The East Hampton Town Zoning Board of Appeals approved, in late July, plans by Carissa's Bakery to make improvements to its building and add housing for workers above a new structure proposed for an adjacent lot, which is to be merged with the main lot.
Four of the five Z.B.A. members agreed to grant Carissa's a total of three variances for the project, two involving lot-line setbacks and one to allow a third bedroom in the apartment where only two would have been allowed by code. Theresa Berger, a fifth member of the Z.B.A., agreed with the lot line variances but didn't think the third bedroom should be allowed.
Carissa's Bakery is at 221 Pantigo Road. One of its owners, Lori Chemla, purchased the building next door, 219 Pantigo Road, under a limited-liability corporation in December 2021. That building, now home to an architect's office, is to be demolished. Plans call for a 25.1-foot-tall addition to the main Carissa's building that will contain a storage basement, first floor with a break room for employees, office space, a relocated baking kitchen, and a 1,194-square-foot second floor apartment.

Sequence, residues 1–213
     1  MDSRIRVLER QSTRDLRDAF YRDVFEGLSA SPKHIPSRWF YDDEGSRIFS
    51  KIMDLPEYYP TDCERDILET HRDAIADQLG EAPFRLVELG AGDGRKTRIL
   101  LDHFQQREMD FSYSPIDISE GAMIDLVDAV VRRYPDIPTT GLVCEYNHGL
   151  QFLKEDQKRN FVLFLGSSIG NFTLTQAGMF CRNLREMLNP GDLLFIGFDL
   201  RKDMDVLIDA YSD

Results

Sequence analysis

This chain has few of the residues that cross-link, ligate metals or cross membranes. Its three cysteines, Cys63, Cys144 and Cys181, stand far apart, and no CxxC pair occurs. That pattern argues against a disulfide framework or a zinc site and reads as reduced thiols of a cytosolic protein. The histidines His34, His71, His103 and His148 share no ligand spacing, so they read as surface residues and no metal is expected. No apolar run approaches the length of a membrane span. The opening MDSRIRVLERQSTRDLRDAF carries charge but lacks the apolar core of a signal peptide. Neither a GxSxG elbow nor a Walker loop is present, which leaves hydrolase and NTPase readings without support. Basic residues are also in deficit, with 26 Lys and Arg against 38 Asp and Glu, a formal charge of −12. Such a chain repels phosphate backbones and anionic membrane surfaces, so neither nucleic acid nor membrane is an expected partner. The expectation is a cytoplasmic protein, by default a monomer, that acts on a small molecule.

As part of the project, the parking area will be reconfigured, yielding eight more spots for the business, and a new innovative/alternative sanitary system will be installed. As conditions of the approval, the occupancy of the restaurant will decrease from 75 seats to 69 and no more than four tenants at any one time will be permitted to live in the apartment.
The reduction in seating capacity was a consequence of the restaurant exceeding the approved amount of wastewater flow for the site. The Star previously reported that even with fewer seats, the restaurant would still produce more than three times the amount of waste allowed than if a new restaurant were to be built at the location today; Carissa's has a higher limit because of existing precedents on that site.
When the project was reviewed by the planning board back in May, Louis Cortese, a planning board member, spoke out strongly against allowing the increased density at the site. The other planning board members, however, thought the benefit of adding work force housing outweighed the environmental detriment of more sanitary flow.
Two new gardens, with native trees and plantings, are expected to help shield the building from the roadway.